Students will critique their work from the Self Check in the previous …

Students will critique their work from the Self Check in the previous lesson and redo the task after receiving feedback. Students will then take a quiz to review the goals of the unit.Key ConceptsStudents understand how to find the surface area (using nets) and volume of rectangular prisms. They have extended that knowledge to all right prisms and were able to generalize rules for both measurements. Students also found the surface area (and volume) of figures made up of cubes by looking at the 2-D views.GoalsCritique and revise student work.Apply skills learned in the unit.Understand 3-D measurements:Surface area and volume of right prismsArea and circumference of circlesSurface area and volume of figures composed of cubesSWD: Consider the prerequisite skills for this Putting it Together lesson. Students with disabilities may need direct instruction and/or guided practice with the skills needed to complete the tasks in this lesson. It may be helpful to pull individual students or a small group for direct instruction or guided practice with the skills they have learned thus far in this unit. While students have had multiple exposures to the domain-specific terms, students with disabilities will benefit from repetition and review of these terms. As students move through the lesson, check to ensure they understand the meaning of included domain-specific vocabulary. Use every opportunity to review and reinforce the meaning of domain-specific terms to promote comprehension and recall.

Students will extend their knowledge of surface area and nets of rectangular …

Students will extend their knowledge of surface area and nets of rectangular prisms to generalize a formula for the surface area of any prism.Key ConceptsStudents know how to find the surface area of a rectangular prism using a net and adding the areas for pairs of congruent faces. Students have not seen that the lateral surface forms one long rectangle whose length is the perimeter of the base and whose width is the height of the prism.Using this idea, the surface area of any right prism can be found using the formula:SA = 2B + (perimeter of the base)hGoalsFind a general formula for surface area of prisms.Find the surface area of different prisms.SWD: Generalization of skills can be particularly challenging for some students with disabilities. Students may need direct instruction on the connection between what they already understand and a general formula.Some students with disabilities may have difficulty recalling formulas when it comes time to apply them. Once students discover the formula SA = 2B + (perimeter of the base)h, consider posting the formula in the classroom and encouraging students to add the formula(s) to the resources they have available when completing classwork and homework.

Students will join the buildings together to form a city with streets …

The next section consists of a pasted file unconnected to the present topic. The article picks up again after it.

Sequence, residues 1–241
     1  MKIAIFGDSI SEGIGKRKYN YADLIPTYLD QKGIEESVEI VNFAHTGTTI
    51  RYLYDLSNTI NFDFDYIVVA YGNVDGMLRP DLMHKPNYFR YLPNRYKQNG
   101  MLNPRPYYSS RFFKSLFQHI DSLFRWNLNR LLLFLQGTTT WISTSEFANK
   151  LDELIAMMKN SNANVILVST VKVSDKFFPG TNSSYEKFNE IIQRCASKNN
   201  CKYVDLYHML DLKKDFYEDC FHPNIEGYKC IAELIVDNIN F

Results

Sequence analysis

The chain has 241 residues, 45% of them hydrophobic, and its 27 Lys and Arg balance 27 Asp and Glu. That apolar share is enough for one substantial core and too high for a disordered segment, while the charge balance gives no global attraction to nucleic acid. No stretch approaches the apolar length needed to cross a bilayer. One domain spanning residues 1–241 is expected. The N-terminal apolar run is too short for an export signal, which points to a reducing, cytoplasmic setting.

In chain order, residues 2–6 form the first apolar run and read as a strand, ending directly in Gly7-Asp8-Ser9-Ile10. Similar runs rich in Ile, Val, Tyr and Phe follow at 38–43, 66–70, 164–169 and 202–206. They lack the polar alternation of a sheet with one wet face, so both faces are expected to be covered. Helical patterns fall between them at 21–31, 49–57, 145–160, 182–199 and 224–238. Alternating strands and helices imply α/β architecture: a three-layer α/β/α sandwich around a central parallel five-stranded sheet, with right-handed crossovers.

Students will join the buildings together to form a city with streets and sidewalks running between the buildings. Student groups will make their presentations, provide feedback to other students’ presentations, and get evaluated on their listening skills.Key ConceptsIn this culminating event, students present their project plan and solution to the class. The presentation allows students to explain their problem-solving plan, communicate their reasoning, and construct a viable argument about a mathematical problem.Students also listen to other project presentations and provide feedback to the presenters. Listeners have the opportunity to critique the mathematical reasoning of others.GoalsPresent projects and demonstrate understanding of the unit concepts.Clarify any misconceptions or difficult areas from the Final Assessment.Give feedback on other project presentations.Exhibit good listening skills.Review the concepts from the unit.

Lesson OverviewStudents will work on the final portion of their project which …

Lesson OverviewStudents will work on the final portion of their project which includes creating the nets for the sides, making a slice in one of their buildings, and putting their buildings together. Once their two model buildings are complete, they will find the surface area and volume for their models and the full-size buildings their models represent.Key ConceptsThe second part of the project is essentially a review of the second half of the unit, while still using scale drawings. Students will find the surface area of a prism as well as the surface area of a truncated prism. The second prism will require estimating and problem solving to figure out the net and find the surface area. Students will also be drawing the figure using scale to find actual surface area.GoalsRedraw a scale drawing at a different scale.Find measurements using a scale drawing.Find the surface area of a prism.SWD: Students with disabilities may have a more challenging time identifying areas of improvement to target in their projects. It may be helpful to model explicitly for students (using an example project or student sample) how to review a project using the rubric to assess and plan for revisions based on that assessment.Students with fine motor difficulties may require grid paper with a larger scale. Whenever motor tasks are required, consider adaptive tools or supplementary materials that may benefit students with disabilities.Students with disabilities may struggle to recall prerequisite skills as they move through the project. It may be necessary to check in with students to review and reinforce estimation skills.

This lesson unit is intended to help you assess how well students …

This lesson unit is intended to help you assess how well students are able to: Interpret a situation and represent the variables mathematically; select appropriate mathematical methods to use; explore the effects on the area of a rectangle of systematically varying the dimensions whilst keeping the perimeter constant; interpret and evaluate the data generated and identify the optimum case; and communicate their reasoning clearly.